FACT: Ryan "Ended Up As An Energetic Participant In The Ideological Stalemate That Doomed" Bowles-Simpson. In an August 15 article, Politico called Ryan "an energetic participant in the ideological stalemate that doomed [the Bowles-Simpson commission's] work to failure." From Politico:
He was enthusiastic, earnest, courteous and well-informed. Rep. Paul Ryan, in other words, certainly knew how to play the role of a sleeves-rolled-up, problem-solving deficit hawk as a member of the high-profile Bowles-Simpson budget commission.
In the end, however, that was not the role Ryan chose to play -- he was more of a loyal GOP partisan who wasn't willing to step out on his own.
After beginning as an energetic participant on the Bowles-Simpson commission, he finished up as an energetic participant in the ideological stalemate that doomed its work to failure. [Politico, 8/15/12]
Economist: Ryan's Opposition To Plan "More Or Less Guaranteed The Plan Would Die." In a January 7, 2011 blog post, The Economist noted that Romney opposed the Bowles-Simpson plan which, along with opposition from other House Republicans "more or less guaranteed the plan would die." From The Economist:
Like Mr Conrad, Mr Ryan was a member of the Bowles-Simpson commission. Unlike Mr Conrad, he voted against its plan to stabilise the debt despite calling it "serious and credible". He opposed it because it left Mr Obama's health-care reform intact, and because it relied too much on tax increases, even though these were smaller than the plan's spending cuts. The opposition by Mr Ryan and his two fellow House Republicans more or less guaranteed the plan would die.
A few days later Mr Ryan congratulated Mr Obama for acting "responsibly" in capitulating to Republicans and agreeing to an $800 billion-plus package that extends all of George Bush's tax cuts and implements new temporary stimulus composed overwhelmingly of tax cuts. Whatever its merits as stimulus, its complete absence of any linkage to long-term deficit reduction is antithetical to the principals behind the Fiscy. [The Economist, 1/7/11]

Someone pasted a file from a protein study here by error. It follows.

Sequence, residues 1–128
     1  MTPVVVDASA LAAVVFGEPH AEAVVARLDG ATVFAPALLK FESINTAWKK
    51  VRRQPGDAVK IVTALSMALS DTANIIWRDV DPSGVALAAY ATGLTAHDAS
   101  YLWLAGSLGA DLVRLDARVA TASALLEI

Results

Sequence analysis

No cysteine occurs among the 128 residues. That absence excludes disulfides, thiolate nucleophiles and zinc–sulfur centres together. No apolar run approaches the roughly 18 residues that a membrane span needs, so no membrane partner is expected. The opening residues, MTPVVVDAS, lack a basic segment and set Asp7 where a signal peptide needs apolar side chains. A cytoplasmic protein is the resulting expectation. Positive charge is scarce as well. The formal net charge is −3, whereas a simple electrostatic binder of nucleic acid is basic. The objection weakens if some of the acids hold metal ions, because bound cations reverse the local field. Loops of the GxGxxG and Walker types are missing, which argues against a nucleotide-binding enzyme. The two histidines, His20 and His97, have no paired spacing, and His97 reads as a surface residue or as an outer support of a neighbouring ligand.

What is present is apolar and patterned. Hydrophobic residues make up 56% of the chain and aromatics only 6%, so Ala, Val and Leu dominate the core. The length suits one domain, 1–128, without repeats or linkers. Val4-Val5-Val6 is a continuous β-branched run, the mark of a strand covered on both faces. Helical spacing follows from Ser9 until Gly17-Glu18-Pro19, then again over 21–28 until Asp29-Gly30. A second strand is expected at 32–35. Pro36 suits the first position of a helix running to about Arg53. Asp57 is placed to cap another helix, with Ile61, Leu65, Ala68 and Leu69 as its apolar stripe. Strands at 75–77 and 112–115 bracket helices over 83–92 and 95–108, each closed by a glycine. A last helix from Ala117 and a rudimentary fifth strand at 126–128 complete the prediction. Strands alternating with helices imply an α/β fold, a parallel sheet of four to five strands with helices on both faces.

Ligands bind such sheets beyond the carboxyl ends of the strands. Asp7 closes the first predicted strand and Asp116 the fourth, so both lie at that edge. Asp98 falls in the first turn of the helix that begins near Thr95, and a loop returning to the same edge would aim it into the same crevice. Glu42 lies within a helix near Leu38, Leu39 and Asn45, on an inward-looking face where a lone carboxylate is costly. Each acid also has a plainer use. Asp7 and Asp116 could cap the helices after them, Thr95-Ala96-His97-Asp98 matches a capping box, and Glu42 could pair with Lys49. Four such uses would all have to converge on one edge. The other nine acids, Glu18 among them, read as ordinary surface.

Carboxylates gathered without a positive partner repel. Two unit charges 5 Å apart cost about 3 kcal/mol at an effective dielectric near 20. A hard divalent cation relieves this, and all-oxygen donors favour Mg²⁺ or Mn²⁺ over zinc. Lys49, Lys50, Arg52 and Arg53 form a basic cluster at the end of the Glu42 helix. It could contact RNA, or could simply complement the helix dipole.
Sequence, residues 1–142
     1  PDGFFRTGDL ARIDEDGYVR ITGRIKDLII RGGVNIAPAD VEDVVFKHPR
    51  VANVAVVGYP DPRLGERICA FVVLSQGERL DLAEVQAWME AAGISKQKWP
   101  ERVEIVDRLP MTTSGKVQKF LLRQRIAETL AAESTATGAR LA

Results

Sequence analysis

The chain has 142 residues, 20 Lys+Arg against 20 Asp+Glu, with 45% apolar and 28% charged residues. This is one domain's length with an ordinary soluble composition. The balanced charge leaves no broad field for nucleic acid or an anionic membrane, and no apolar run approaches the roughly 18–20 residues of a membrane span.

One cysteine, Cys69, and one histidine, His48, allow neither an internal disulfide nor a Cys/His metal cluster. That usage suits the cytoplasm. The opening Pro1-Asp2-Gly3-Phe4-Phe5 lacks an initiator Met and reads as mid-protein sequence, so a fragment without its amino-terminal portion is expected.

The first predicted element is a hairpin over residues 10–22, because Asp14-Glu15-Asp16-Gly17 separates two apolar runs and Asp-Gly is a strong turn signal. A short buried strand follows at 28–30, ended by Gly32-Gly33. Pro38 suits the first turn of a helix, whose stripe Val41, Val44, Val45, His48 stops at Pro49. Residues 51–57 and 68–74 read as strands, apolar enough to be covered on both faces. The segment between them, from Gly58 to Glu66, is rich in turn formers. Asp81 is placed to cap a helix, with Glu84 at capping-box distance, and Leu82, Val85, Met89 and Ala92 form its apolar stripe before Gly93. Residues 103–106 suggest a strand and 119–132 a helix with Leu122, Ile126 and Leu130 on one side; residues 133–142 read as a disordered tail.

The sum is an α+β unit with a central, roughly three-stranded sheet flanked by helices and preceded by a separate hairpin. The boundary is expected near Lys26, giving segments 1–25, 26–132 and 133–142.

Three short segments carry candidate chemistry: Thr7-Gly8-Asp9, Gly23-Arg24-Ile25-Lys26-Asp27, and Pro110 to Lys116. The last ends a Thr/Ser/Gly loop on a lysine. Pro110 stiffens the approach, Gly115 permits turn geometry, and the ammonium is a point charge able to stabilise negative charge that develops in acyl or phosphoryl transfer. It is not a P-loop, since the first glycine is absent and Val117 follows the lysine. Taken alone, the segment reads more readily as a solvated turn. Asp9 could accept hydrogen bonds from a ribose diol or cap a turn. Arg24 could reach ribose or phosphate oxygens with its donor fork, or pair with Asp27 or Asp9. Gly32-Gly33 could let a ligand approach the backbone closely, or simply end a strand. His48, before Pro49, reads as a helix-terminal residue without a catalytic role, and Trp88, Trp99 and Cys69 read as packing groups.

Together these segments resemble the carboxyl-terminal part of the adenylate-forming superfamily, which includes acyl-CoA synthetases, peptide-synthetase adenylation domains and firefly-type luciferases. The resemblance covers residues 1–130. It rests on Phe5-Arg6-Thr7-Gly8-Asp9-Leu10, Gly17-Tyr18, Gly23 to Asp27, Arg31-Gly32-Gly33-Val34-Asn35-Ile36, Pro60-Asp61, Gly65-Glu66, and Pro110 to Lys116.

Ryan Dishonestly Blamed Obama For U.S. Credit Downgrade
Ryan: "It Began With A Perfect Triple-A Credit Rating For The United States; It Ends With A Downgraded America." During his speech, Ryan stated Obama's presidency had begun with a "triple-A credit rating" and ends with a "downgraded America":
Obamacare, as much as anything else, explains why a presidency that began with such anticipation now comes to such a disappointing close.
It began with a financial crisis; it ends with a job crisis.
It began with a housing crisis they alone didn't cause; it ends with a housing crisis they didn't correct.
It began with a perfect Triple-A credit rating for the United States; it ends with a downgraded America. [Transcript of Paul Ryan's 2012 Republican National Convention speech, 8/29/12, via Huffington Post]
FACT: The Economy Obama Inherited Was Hemorrhaging Jobs. According to the Bureau of Labor Statistics, the U.S. economy lost hundreds of thousands of jobs per month throughout 2008, and the employment decline peaked at 820,000 jobs lost in January 2009:
[Bureau of Labor Statistics, 2/6/09]
FACT: At The Beginning Of Obama's Term, The Economy Had Been Contracting Rapidly From the Recession. The Associated Press Reported: